Second Law Firm Opens Diversity Program to All Following Lawsuit

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Perkins Coie, a major U.S. law firm with over 1,200 lawyers, has become the second firm to expand the eligibility criteria for its diversity fellowship program in the wake of a discrimination lawsuit.

Under the updated criteria unveiled on Friday, Perkins Coie has changed its 2024 diversity fellowship program to be open to all first-year law students, regardless of race or gender identity.

The firm made the announcement ahead of a Monday deadline to respond to a lawsuit filed by the American Alliance for Equal Rights (AAER), a group led by affirmative action critic Edward Blum. AAER sued Perkins Coie and another law firm, Morrison Foerster, in August, alleging that their diversity fellowship programs unlawfully discriminated against applicants based on race. The suits referenced the U.S. Supreme Court’s June ruling against affirmative action in college admissions, a case also brought by Blum.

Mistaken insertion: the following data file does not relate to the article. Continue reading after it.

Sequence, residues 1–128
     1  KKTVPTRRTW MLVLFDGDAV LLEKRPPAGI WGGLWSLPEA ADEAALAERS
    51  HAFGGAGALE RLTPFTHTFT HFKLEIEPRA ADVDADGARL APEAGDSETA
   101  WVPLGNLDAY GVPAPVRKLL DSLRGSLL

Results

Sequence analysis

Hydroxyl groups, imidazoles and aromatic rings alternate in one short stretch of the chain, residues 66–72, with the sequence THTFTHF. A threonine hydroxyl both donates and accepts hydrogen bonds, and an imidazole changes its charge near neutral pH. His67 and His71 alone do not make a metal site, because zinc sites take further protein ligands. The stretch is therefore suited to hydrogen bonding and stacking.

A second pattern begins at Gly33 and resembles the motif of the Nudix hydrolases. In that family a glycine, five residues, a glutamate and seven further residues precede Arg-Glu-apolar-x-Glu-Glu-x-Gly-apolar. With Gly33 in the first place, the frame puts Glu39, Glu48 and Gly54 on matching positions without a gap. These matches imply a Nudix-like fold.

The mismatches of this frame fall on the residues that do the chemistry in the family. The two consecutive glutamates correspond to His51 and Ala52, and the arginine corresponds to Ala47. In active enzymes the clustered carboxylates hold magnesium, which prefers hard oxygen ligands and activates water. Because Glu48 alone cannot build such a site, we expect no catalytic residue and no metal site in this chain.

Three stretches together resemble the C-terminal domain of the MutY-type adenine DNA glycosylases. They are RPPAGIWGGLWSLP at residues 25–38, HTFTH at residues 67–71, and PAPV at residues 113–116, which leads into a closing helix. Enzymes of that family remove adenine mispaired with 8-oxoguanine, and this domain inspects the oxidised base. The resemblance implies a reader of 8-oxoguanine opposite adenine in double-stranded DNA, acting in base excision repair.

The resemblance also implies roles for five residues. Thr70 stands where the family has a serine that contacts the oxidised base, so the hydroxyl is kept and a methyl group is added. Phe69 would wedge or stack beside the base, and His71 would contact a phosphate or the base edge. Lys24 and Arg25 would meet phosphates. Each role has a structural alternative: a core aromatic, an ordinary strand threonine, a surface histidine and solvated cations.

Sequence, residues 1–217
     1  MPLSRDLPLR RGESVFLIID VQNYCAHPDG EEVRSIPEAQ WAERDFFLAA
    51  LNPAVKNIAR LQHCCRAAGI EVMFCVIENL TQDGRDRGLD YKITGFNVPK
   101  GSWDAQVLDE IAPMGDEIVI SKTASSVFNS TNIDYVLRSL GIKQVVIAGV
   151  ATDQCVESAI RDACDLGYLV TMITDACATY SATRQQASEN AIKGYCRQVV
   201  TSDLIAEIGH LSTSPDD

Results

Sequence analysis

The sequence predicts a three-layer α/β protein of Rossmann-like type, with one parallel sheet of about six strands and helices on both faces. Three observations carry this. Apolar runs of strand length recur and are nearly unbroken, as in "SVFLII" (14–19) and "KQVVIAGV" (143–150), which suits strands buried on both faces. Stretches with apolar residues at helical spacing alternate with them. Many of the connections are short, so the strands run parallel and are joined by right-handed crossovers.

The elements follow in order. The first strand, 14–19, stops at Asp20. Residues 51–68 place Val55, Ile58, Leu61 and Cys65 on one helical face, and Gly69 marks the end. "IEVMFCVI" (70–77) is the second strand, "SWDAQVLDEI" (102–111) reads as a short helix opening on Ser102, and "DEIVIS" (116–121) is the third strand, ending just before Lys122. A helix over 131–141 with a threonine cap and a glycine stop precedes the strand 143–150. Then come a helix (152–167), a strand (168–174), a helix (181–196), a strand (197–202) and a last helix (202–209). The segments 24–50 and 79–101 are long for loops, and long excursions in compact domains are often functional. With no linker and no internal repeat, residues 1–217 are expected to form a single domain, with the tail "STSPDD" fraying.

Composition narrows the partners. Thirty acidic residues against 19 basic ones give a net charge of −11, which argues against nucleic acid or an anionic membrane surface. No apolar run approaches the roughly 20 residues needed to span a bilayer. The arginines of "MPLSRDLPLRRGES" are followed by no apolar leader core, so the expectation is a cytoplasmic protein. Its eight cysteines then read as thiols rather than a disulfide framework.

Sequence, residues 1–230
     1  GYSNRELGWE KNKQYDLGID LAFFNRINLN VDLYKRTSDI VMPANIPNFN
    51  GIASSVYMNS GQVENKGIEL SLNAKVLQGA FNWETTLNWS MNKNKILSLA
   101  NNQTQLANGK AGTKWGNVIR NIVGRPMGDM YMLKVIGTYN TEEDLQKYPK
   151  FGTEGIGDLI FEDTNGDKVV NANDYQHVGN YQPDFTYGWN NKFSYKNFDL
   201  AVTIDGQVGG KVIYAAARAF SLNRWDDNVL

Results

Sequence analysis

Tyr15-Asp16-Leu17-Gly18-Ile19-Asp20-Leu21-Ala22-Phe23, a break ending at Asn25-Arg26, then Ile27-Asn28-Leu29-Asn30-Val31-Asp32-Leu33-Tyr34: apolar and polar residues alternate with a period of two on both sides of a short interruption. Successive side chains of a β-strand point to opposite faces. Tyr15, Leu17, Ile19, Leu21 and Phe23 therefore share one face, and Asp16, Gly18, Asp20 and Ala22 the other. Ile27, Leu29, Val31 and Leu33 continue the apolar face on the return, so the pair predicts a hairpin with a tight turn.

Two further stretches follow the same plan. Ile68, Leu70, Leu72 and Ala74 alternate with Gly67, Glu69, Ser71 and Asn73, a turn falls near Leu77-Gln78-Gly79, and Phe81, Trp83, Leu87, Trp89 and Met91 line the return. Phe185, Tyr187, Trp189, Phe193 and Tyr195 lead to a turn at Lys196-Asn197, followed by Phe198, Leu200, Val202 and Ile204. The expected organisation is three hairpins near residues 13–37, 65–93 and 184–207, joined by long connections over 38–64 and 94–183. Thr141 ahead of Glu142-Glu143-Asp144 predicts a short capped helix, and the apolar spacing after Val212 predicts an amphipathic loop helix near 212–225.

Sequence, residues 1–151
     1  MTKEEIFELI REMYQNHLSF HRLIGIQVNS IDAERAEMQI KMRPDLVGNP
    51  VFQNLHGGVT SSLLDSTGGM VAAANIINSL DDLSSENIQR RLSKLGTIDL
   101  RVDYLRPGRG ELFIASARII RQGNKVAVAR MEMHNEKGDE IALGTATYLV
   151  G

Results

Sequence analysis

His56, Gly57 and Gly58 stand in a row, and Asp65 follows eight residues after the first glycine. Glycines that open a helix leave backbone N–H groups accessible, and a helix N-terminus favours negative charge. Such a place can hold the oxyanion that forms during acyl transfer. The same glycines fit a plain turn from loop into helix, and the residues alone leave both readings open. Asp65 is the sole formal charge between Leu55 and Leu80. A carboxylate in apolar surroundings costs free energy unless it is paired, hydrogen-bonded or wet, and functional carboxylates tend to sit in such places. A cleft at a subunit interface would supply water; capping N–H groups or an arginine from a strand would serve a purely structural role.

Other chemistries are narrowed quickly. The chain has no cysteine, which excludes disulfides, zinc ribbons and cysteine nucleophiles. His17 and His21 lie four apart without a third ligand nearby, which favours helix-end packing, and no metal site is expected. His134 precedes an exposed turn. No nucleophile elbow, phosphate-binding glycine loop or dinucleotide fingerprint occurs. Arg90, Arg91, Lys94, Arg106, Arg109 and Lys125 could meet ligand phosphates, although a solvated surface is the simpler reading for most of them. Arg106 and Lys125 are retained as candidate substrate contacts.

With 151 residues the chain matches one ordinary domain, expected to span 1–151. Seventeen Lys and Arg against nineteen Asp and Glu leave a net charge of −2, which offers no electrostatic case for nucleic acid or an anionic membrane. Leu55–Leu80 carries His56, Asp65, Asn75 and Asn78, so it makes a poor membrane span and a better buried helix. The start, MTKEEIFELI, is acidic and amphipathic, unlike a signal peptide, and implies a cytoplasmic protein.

Morrison Foerster revised its diversity fellowship criteria in response to the legal challenge, leading AAER to drop the lawsuit against the firm on Friday.

Now, Perkins Coie is also altering its fellowship requirements, a turnabout from its initial statement on August 22 saying the firm intended to “defend this lawsuit vigorously,” Bloomberg Law reports.

“The new Diversity and Inclusion Fellowship Program expands the applicant pool to all and clarifies the factors that the firm will consider in selecting fellows,” a statement from the firm reads. “The revised criteria will ensure that the firm continues to hire accomplished lawyers with a diversity of backgrounds and experiences.”